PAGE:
Aug 07, 2023

Fought off drone attack on Kyiv, Ukrainians say

KYIV, Ukraine -- Russia attacked Ukraine's capital, Kyiv, before dawn on Wednesday, sending 13 Iranian-made drones from the Sea of Azov to the city, according to Ukrainian officials. Most of the drones were destroyed by Ukrainian air defenses, they said, and there were no immediate reports of casualties.

Two government buildings in Kyiv and at least four homes in the region surrounding the capital were damaged, officials said, but it was unclear whether they were hit by direct strikes or falling debris from drones shot out of the sky.

President Volodymyr Zelenskyy of Ukraine praised the air defense systems in a brief video message published on the Telegram messaging app and said that all of the drones appeared to have been shot down.

Kyiv and other parts of Ukraine have been subject to Russian missile attacks in recent weeks that have taken out power and other infrastructure as the country heads into the cold winter months.

The attack on Kyiv on Wednesday came after drone strikes on Odesa over the weekend, which seemed to end a recent weekslong pause in Russia's use of Iranian-made drones.

Kyrylo Budanov, the head of Ukraine's military intelligence agency, told Ukrainian media in October that Russia had used about 330 Iranian-made Shahed-136 drones in the war against Ukraine, of which 222 had been shot down. He said Russia had ordered about 1,700 drones, which were being delivered in batches of 300 at a time. It was not possible to independently verify the claims, but they correspond with estimates from Western officials and military analysts.

The first sound that Yaroslav Vinokurov, 24, heard Wednesday shortly before 6 a.m. was the wailing of the air-raid alarm in the darkness. He continued to get ready for work, given that alarms sound nearly every day. But soon machine-gun fire echoed through the Shevchenkivskyi district as air-defense systems flashed in the sky, followed by what he described as "a very loud explosion."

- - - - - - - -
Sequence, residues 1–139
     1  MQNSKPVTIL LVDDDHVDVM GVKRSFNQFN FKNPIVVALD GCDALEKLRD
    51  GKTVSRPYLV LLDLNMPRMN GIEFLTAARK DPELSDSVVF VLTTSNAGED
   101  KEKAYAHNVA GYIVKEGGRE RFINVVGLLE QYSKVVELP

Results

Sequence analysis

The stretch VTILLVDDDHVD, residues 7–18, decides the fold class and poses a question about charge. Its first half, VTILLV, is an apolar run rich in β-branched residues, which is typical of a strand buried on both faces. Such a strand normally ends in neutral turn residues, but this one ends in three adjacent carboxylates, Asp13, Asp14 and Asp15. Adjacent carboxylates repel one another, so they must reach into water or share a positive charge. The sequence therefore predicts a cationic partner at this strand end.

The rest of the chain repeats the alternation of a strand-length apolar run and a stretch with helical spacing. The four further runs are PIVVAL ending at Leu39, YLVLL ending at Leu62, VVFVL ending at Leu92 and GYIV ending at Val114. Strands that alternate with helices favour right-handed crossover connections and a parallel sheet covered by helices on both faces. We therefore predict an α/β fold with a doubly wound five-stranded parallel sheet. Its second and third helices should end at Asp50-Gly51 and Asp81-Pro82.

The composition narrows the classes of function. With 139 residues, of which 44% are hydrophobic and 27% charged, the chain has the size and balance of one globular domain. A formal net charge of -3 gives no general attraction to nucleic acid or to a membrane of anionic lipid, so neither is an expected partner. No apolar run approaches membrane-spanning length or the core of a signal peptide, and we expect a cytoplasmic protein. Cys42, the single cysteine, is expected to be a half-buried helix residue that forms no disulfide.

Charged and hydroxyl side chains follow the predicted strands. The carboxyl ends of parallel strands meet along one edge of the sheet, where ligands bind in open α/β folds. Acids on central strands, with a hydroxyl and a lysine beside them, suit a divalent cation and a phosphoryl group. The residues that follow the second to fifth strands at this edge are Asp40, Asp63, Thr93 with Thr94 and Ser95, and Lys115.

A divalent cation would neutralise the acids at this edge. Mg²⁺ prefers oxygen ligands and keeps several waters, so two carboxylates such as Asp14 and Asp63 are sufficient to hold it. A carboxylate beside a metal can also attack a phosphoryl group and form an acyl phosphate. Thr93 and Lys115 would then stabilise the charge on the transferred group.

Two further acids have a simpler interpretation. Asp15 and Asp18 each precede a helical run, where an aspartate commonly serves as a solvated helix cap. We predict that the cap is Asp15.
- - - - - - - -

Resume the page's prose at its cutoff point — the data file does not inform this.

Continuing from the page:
"I lay down on the floor, as I didn't know what else can happen," Vinokurov said. Only once it was quiet did he go outside.

"My car is destroyed," he said, looking over the damage.

A blast left the three-story tax office building in the central Shevchenkyvskyi district with a gaping hole in the roof and blew out windows in parked cars and in a neighboring building.

Clean-up crews were on site quickly to shovel away the rubble and roll out plastic sheeting to cover the blown-out windows in freezing temperatures. One man, unfazed, pushed his son on a swingset at a nearby playground as the crews worked.

Another parent, Anton Rudikov, said his family was sleeping when they heard an explosion and smashing windows. "Thank God the children were not affected" beyond their fright, said Rudikov, whose daughters are 13 and 18 years old. But why Russia would attack his neighborhood left him perplexed.

"I didn't do anything bad to them, but it struck my house. From where? I don't understand why," he said.

Residents told Associated Press reporters they saw fragments from a drone bearing the words "For Ryazan." The Kremlin claims Ukraine was responsible for a cross-border attack last week on a military base in the Ryazan region of western Russia.

Just two days before the strikes, Yurii Ihnat, the spokesman for Ukraine's air force, warned that Russian forces were now using attack drones at night. If the drones are launched during the day, he said, Ukrainians can use large-caliber machine guns and other small arms to shoot them down. But in the darkness, they need expensive and limited air defense missile systems that can track the incoming drones by radar.